Film review: The Elephant Man (1980)

Elephant Man 1

Elephant Man 2

Director: David Lynch. Screenplay: Christopher De Vore, Eric Bergren, David Lynch, based on the books The Elephant Man and Other Reminiscences by Frederick Treves and The Elephant Man: A Study in Human Dignity by Ashley Montagu. Starring: John Hurt, Anthony Hopkins, John Gielgud, Anne Bancroft, Freddie Jones, Wendy Hiller, Kenny Baker.

The true story of Joseph Merrick (called John in the film), who in the latter half of the 19th Century was exhibited in freak shows due to his hideous appearance. A prominent surgeon, Frederick Treves (Hopkins) finds Merrick (Hurt) in a sideshow and saves him from his cruel “owner” Bytes (Jones). Once Merrick has been brought to the hospital where Treves works, he realises that Merrick isn’t an imbecile like he first thought. In reality, he’s an intelligent and kindly young man, and even the strict hospital director (Gielgud) gets attached to him and arranges for permanent residence. But this is by no means the end of Merrick’s tragedy.

As must be apparent, The Elephant Man is far from being the horror film some people expect, other than perhaps in terms of the horrors Merrick is subjected to by Bytes and other exploiters (things which have been exaggerated from the true events). The real Joseph Merrick might have objected to the sentimental tone of the film, but on the whole Lynch and company have created a fine work. Certain of the picture’s events never occurred in real life (for instance, to my knowledge Merrick never asked if he could be cured), and some of the more lurid inventions are out of place in this type of story. However, Merrick is shown as the humble and romantic man he was, according to all contemporary accounts.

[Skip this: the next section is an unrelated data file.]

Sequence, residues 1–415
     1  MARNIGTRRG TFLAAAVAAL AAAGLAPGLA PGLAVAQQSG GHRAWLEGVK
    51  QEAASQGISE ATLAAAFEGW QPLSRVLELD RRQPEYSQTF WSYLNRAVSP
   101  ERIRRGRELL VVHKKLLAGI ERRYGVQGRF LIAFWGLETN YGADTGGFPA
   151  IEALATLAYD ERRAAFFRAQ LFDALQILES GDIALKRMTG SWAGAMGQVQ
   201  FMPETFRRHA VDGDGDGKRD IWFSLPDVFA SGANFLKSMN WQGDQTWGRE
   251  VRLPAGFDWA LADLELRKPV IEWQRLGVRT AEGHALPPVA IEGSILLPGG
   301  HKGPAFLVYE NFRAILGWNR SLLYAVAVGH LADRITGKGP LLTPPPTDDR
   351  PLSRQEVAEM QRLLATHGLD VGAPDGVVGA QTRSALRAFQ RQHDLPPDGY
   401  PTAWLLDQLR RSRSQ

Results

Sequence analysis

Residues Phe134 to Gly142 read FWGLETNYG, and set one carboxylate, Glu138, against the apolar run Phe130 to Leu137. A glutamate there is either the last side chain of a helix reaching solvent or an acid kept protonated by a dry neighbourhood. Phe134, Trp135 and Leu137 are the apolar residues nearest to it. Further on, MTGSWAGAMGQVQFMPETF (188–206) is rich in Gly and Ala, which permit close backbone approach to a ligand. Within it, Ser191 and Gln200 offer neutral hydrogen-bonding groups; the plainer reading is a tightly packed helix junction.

The Elephant Man was Lynch’s second feature following Eraserhead. This film is more conventional than Eraserhead, but the two have several things in common. Both are in black and white (The Elephant Man was beautifully shot by Freddie Francis); Lynch takes 19th Century industrialisation as an excuse to throw in sequences of smoking factory chimneys, men working at machines and so on; and there are a couple of hallucinatory dream sequences that are a lot more accessible than the ones in Eraserhead, but which are still typically Early Lynch.

The script is based on two factual studies, one by Treves himself and one by scholar Ashley Montagu. I’ve had the opportunity to read Montagu’s book, and I can recommend it even though he often wanders far afield from his subject matter. Treves’ book is, I’ve heard, even worse on that account – he wrote it as an old man and evidently had difficulty remembering such things as where the hospital was located, and the fact that Merrick’s first name was Joseph, not John, a misconception also perpetuated in the film.